How to support a breastfeeding mom

By JoEllen Noble

Ohio Governor John Kasich has declared August to be Breastfeeding Awareness Month across the state of Ohio, and this year’s theme is “Sustaining Breastfeeding Together.”

Any parent who has breastfed can tell you the one thing that made all the difference in whether they felt successful or not: the support of others. Many of us know the benefits of breastfeeding — decreased risk of certain illness for both infant and mother, for example — but do you know how to support a breastfeeding mom?

Imagine a new mother, sore and sleep-deprived in the early days after birth, unsure what to do about this new little person who cries lustily despite eating and having a diaper change. What would you suggest to help?

Or imagine a parent preparing to return to work around six weeks postpartum. She informs her employer of her need to pump milk for her infant a few times throughout the day. Where will she go for privacy?

According to the 2016 Breastfeeding Report Card published by the Centers for Disease Control (CDC), nearly 78 percent of infants born in Ohio are breastfed, but by six months of age, the number of breastfed infants drops to about 44 percent.

What happens during those early months of life, and how can we better support breastfeeding families in our community?

You don’t need to be an expert to help breastfeeding families. If you’re a friend or family member, acknowledge how hard those early days can be and offer practical help: bring over a meal with disposable utensils or offer to babysit older children.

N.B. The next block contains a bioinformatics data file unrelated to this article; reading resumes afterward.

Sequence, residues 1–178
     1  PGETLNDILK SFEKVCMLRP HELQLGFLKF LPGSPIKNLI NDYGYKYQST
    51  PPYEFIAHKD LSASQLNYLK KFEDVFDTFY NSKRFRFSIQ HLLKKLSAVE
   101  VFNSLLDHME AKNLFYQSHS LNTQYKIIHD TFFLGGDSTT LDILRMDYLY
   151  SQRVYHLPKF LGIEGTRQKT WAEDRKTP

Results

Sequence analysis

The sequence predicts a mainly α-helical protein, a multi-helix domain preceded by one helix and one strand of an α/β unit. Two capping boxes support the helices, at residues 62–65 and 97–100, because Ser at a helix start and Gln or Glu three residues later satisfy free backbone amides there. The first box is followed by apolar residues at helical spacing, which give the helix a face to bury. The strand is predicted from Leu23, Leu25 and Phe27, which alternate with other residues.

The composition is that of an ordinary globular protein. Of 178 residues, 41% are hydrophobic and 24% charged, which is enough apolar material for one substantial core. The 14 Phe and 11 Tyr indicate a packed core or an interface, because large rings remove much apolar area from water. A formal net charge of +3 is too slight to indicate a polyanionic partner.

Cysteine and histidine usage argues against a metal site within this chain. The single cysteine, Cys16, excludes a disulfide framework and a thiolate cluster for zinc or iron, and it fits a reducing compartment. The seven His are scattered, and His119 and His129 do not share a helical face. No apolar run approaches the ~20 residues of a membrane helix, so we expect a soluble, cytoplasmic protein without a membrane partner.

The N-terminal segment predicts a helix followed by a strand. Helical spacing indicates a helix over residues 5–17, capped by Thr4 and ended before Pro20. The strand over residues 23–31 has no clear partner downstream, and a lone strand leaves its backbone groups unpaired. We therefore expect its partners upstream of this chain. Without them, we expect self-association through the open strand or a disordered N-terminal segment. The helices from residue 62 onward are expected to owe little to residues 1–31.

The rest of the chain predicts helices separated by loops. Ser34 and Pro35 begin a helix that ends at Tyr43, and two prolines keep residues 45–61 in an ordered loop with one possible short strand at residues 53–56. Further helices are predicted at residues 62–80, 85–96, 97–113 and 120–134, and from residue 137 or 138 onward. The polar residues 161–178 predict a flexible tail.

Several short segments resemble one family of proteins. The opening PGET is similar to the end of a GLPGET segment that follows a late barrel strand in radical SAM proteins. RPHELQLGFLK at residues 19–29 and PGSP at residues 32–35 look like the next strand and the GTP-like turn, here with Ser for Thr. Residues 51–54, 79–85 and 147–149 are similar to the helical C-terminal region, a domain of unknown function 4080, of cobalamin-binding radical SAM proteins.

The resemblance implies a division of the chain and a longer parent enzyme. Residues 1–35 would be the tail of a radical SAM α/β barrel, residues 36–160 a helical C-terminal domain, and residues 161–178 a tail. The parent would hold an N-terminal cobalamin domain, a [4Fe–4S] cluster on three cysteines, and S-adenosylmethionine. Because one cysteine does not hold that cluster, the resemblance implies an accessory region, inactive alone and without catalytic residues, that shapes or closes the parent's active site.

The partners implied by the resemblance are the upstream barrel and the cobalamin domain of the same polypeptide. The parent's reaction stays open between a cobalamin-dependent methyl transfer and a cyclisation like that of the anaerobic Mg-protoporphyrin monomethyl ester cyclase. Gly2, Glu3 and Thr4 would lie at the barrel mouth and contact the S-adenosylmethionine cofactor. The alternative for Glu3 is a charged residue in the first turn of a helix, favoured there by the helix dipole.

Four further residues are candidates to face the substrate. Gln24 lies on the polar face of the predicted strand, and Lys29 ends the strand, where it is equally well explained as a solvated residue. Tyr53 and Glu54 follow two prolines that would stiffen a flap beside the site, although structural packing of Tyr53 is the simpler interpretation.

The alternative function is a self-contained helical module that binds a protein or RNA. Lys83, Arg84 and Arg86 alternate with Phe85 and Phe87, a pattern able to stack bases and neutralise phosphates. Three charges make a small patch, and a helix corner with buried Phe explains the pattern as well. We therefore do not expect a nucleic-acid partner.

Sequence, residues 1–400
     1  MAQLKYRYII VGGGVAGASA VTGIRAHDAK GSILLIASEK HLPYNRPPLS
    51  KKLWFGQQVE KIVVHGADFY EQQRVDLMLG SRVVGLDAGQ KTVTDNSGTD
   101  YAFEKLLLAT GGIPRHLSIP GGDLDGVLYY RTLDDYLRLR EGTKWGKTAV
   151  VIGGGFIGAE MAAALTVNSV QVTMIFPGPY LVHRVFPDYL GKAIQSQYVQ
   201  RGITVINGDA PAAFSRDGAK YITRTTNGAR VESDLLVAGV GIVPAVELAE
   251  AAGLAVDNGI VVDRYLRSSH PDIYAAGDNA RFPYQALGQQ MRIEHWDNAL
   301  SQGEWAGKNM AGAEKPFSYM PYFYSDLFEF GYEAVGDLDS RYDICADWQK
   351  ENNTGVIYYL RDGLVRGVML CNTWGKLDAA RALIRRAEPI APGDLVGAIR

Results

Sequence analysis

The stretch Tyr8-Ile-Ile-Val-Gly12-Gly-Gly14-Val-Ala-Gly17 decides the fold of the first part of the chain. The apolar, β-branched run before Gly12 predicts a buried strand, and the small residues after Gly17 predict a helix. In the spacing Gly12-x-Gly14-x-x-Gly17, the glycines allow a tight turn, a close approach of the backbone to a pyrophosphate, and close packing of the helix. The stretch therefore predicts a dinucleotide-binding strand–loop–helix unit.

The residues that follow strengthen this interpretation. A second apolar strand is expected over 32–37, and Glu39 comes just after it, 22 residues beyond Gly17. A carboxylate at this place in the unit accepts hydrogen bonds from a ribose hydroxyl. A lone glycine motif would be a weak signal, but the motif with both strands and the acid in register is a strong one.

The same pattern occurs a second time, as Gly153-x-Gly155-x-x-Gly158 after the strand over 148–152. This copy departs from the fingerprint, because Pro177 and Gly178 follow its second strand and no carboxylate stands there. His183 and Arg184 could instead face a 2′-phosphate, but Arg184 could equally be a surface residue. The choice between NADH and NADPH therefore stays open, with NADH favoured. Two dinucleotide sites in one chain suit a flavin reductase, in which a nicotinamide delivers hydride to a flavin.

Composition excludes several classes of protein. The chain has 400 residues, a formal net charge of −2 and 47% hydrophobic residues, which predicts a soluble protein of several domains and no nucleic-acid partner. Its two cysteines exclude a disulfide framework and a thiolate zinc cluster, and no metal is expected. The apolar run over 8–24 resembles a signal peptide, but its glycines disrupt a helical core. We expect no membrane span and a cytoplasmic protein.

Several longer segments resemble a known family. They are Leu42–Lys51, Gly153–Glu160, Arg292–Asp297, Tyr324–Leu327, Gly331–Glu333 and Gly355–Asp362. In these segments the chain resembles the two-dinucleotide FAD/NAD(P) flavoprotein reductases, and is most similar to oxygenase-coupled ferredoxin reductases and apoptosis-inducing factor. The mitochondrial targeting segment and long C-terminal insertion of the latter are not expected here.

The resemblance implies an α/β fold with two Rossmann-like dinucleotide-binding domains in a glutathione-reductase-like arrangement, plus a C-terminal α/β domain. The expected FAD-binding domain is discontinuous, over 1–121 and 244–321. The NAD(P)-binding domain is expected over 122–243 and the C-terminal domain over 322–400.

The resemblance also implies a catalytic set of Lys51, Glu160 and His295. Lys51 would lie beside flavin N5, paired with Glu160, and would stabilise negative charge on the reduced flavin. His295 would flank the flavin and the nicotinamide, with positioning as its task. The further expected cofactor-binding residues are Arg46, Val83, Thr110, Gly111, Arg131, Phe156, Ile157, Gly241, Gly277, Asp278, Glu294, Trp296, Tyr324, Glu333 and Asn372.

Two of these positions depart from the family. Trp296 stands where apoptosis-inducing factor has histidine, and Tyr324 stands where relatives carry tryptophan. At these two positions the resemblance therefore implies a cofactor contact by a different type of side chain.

If a mother expresses concern about her baby getting enough to eat or complains of pain, encourage her to schedule a visit with one of the board-certified lactation consultants at CMH, who are available Monday-Saturday, at 937-382-9415.

If you’re the employer of a parent who will need to pump at work, accommodating her needs doesn’t have to be expensive or complicated. Locate a clean, private space — that is not a bathroom — for her to use. It could be a small office or break room. Allow for schedule flexibility for a mother to pump regularly.

The U.S. Department of Health and Human Services has great, comprehensive recommendations for supporting nursing moms at work: “Each milk expression session usually takes around 15 minutes plus time to get to and from the lactation room. Breastfeeding employees typically need no more than an hour per work day to express milk, which can easily be divided between usual paid breaks and the meal period. If milk expression takes longer than expected, a common solution is to allow employees the flexibility to come in early or stay late, or to use a portion of their lunch period, to make up time.”

Breastfeeding takes commitment, especially in the face of challenges and criticism. An easy way to show your support is to give a smile and a thumbs-up to a woman nursing in public.

Sometimes a simple “You’re doing a good job, Mom” can make a world of difference.

JoEllen Noble is a Lactation Consultant at Clinton Memorial Hospital.

By JoEllen Noble